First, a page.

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Creating new stories for unfinished work at the end of a Sprint

Last post 04:26 pm July 7, 2021 by Daniel Wilhite
3 replies
07:35 pm July 6, 2021

At the end of a Sprint, you find that some of the stories are partially “done” and not fully “done” in terms of the Acceptance Criteria.  The team decides to remove the scope that is not completed and put the remaining scope in a new story that is added to the next Sprint and then close the story in the current Sprint.  Everyone is happy! The team is happy because they got some credit for the hard-work they put in.  The management and leadership are happy because looking at the numbers it appears like the team is making good progress.  Is this a good practice?

Here are some points that I gathered from other Scrum masters that I work with on the same project.  I will summarize my thoughts at the end of this blog.  Here are the responses from the other Scrum masters (paraphrased for correctness of grammar)

  1. I have my teams just roll over unfinished work or if there is a scope change/etc. something that happens and that prevents them from completing the entire story, then we rarely but sometimes split the story by creating a new story to capture the change/unfinished work.  We document any changes in the old and new stories too.
  2. Just to be fair and give some credit to the engineers, at times, I would create a new story in the following sprint only if more than 89% of the work is done and only 20% is left – like maybe review and pushing it to production.  But I do want to point out that it is not a preferred practice; but an odd ball here and there is okay  -- this is where the Scrum Master makes a judgement call, whether the team is misusing this or being respectful and learning from this.   Sometimes there are some unforeseen circumstances (not the engineer’s fault or lack of responsibility) due to which part of a story does not get completed.  If this becomes a regular practice, I would definitely stay away from giving partial credit.  I have always believed in adopting any practice that makes your team efficient and happy while staying within Agile boundaries.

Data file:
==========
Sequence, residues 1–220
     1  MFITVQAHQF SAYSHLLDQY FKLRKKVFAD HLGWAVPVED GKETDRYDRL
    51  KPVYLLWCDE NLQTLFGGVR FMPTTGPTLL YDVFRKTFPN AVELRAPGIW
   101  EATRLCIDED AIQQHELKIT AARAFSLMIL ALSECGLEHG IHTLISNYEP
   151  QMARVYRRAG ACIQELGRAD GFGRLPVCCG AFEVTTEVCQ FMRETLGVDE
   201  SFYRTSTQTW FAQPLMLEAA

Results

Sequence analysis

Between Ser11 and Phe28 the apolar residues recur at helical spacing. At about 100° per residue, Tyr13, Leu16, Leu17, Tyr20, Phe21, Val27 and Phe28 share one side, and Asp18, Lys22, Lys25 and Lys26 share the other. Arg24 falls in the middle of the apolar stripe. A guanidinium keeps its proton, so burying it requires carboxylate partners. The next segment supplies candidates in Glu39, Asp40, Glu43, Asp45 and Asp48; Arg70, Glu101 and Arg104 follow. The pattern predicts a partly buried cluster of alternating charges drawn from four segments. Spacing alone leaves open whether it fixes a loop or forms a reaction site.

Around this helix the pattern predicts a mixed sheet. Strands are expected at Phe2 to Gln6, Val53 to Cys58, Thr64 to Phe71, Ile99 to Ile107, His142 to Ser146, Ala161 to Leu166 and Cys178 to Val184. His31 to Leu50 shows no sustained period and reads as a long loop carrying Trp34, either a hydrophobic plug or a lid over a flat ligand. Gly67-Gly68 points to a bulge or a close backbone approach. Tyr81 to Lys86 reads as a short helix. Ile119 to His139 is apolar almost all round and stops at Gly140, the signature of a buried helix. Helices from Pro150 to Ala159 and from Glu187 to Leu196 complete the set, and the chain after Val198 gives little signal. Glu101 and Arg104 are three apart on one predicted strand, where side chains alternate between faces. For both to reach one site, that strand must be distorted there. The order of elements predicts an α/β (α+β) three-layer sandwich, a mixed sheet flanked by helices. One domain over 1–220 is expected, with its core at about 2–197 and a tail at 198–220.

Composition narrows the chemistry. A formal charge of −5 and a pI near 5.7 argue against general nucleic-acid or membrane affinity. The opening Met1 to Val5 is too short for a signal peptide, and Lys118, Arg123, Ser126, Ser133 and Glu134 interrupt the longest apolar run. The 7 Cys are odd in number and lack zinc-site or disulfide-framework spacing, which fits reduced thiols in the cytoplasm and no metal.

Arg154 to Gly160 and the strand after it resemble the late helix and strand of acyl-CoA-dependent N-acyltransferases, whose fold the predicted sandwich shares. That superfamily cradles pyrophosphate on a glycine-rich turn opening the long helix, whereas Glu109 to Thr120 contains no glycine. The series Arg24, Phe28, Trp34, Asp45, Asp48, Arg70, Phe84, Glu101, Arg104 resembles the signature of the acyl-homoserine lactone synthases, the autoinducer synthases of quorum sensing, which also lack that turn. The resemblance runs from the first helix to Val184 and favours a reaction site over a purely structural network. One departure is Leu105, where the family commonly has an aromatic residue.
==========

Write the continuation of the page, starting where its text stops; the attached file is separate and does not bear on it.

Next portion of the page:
3. While I agree with your question (paraphrased – “should we let stories be rolled over or split them?”) and thought process, here’s how I am thinking.
    1. People over process
    2. Do whatever it takes to get the work done
    3. Build consensus and make decisions quickly
    4. Key – as Agile Delivery Leads, we keep the lessons learned on “top of mind”

Here are my thoughts on this topic:

  1. It is not a good practice to split stories simply because some of the work was not completed and then carry over the work that is not completed to the next Sprint in a new Story.
  2. Splitting stories because the work is not completed defeats the purpose of a Sprint.  The team needs to make every effort to completed the story in the Sprint and I have noticed that 80% of the work is frequently done in the last few days of the Sprint.  If the team realizes that there is no real consequence for not completing the work on a Sprint boundary, it is unlikely that the team will make this extra effort to complete the work.